Large numbers of pupils staying on at “chock-a-block” schools will add to the problems Aberdeen City Council faces in managing the safe return of lessons.
Council co-leader Jenny Laing revealed the proportion of youngsters staying on for S5 and S6 is “far greater” than in recent years.
The increased rolls in school’s upper years will only add to the headache council staff face in planning a safe return to the classroom in August.
Mrs Laing raised the concerns during a meeting of Rosemount and Mile End Community Council.
She said: “We have a large number of people staying on, far larger numbers than in previous years.
“There’s uncertainty around the jobs market and the economy, as we have quite a lot of pupils who leave school for work with the usual quite high employment here.
“But also there is uncertainty around the exams, or lack of exams, and children will be unsure what their results will look like when they come in.”
“It’s clear we are going to have larger numbers to deal with as well as facing the limitations over how many you can physically get into a classroom with the rules in place currently.”
The local authority has set out, in great detail, its plan to have pupils back in class on August 11.
But it is predicted that only a third of youngsters, at most, will be accommodated at school at any one time.
Community council member Alasdair Stevenson, who sits on the school zoning appeals board, predicted problems.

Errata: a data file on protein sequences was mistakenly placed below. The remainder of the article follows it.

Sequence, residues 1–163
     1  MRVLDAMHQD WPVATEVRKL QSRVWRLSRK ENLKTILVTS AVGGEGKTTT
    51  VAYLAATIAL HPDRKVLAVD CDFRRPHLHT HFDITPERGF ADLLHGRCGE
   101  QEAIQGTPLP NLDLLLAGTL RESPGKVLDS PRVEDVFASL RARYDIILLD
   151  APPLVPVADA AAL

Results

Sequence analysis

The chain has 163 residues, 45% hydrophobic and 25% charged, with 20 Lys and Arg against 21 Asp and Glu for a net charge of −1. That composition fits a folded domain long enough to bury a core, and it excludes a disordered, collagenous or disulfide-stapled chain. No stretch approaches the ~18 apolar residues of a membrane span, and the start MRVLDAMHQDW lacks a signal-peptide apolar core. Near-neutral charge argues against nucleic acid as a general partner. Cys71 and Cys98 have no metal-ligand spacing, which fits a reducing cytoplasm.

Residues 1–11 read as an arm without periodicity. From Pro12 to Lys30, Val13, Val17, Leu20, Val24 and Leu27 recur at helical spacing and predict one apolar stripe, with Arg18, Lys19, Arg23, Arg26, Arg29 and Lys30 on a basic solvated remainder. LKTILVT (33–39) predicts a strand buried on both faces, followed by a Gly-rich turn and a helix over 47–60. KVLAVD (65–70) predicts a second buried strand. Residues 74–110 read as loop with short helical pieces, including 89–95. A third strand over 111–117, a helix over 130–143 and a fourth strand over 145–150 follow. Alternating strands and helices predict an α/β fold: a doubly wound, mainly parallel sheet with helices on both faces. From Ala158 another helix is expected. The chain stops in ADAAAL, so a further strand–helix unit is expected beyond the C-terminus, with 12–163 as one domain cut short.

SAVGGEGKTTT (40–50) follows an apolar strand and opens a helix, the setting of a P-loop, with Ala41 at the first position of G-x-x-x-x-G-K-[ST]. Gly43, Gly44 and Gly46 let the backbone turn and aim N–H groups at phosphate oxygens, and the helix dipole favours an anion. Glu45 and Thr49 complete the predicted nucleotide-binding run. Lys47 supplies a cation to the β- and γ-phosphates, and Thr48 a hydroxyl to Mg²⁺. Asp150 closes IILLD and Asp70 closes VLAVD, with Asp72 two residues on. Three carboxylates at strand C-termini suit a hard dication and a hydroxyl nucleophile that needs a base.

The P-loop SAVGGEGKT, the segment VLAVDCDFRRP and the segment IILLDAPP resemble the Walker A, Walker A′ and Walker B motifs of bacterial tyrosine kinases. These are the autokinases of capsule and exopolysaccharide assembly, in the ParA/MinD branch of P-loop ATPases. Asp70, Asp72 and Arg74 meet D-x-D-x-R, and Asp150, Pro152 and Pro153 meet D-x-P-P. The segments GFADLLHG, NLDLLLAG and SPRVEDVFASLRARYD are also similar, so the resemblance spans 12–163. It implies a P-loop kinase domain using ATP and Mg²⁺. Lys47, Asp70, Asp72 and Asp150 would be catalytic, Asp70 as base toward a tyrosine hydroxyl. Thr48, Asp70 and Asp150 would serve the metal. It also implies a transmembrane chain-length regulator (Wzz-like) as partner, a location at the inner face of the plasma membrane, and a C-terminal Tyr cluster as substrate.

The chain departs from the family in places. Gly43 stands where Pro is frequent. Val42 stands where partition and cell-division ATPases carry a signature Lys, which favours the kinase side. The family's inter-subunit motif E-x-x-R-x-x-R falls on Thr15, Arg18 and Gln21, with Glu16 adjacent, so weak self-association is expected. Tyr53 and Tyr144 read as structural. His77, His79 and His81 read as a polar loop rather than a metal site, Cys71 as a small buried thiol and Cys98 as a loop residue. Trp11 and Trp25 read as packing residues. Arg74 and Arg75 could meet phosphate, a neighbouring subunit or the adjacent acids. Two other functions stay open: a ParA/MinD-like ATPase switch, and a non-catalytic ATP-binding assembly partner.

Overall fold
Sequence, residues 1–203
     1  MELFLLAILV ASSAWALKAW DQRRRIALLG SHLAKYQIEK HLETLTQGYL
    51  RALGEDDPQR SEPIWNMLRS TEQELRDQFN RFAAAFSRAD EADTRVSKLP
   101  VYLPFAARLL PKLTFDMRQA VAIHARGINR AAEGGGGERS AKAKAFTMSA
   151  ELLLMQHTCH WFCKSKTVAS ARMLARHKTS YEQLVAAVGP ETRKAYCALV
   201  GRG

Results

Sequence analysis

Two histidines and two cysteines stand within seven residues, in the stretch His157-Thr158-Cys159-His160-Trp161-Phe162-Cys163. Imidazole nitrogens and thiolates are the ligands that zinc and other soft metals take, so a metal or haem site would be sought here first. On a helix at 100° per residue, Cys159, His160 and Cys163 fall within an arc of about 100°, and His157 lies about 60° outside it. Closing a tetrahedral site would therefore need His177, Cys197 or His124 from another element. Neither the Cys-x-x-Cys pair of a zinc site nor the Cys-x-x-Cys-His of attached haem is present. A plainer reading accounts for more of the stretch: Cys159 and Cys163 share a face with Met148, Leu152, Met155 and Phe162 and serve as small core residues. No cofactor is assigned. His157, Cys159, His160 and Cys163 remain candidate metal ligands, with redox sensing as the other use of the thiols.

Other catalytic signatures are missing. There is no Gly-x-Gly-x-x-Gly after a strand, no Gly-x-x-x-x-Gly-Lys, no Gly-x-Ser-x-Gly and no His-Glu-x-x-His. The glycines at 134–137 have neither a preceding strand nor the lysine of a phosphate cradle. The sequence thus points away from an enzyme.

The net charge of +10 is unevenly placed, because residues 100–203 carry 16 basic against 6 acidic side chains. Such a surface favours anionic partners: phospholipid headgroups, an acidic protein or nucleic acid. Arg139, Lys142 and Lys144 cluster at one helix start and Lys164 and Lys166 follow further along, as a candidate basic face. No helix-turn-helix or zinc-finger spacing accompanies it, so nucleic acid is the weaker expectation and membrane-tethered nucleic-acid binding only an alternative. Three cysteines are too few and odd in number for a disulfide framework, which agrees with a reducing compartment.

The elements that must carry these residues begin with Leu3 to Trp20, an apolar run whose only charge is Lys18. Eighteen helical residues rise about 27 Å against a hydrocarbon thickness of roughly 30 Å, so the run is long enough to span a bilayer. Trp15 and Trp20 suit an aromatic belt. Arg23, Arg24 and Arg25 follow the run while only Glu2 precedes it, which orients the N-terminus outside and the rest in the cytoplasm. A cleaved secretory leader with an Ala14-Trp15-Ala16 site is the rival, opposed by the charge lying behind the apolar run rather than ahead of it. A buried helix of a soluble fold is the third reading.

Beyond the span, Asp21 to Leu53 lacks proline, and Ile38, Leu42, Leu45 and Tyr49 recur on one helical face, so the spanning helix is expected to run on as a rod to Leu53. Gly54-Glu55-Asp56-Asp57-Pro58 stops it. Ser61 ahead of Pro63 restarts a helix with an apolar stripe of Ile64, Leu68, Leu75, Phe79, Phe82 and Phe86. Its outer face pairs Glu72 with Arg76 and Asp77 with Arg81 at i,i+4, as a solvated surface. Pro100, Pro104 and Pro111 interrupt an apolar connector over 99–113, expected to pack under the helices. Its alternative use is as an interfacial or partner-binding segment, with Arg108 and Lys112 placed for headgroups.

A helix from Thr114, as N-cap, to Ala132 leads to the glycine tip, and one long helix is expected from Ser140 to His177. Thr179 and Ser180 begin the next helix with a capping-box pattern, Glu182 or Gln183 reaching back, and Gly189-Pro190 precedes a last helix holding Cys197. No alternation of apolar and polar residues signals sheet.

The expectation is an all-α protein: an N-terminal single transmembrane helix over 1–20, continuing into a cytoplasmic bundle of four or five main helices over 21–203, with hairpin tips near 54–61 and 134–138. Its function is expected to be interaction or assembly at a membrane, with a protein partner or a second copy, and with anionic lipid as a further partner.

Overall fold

He said: “Generally, most schools in the city are chock-a-block.
“The staying-on rates are higher than I have ever seen them.
“That will add to the pressure looking at how many kids you can get into school, because they are absolutely packed.”
But there might be some hope for many more pupils getting back to class in some capacity, after First Minister Nicola Sturgeon commissioned research into whether the 6.5ft physical distancing rules could be halved.
Yesterday, she said: “I have asked our advisers to consider whether there are particular settings and circumstances in which, with additional mitigations, it might be possible in future to recommend a distance of one or 1.5 metres (around 3ft and 5ft).
“I hope to also have this advice within two weeks and will report on it then.”
Aberdeen education bosses said in their detailed plan for a phased return to schools that such a move could mean capacity for youngsters would be “considerably increased”.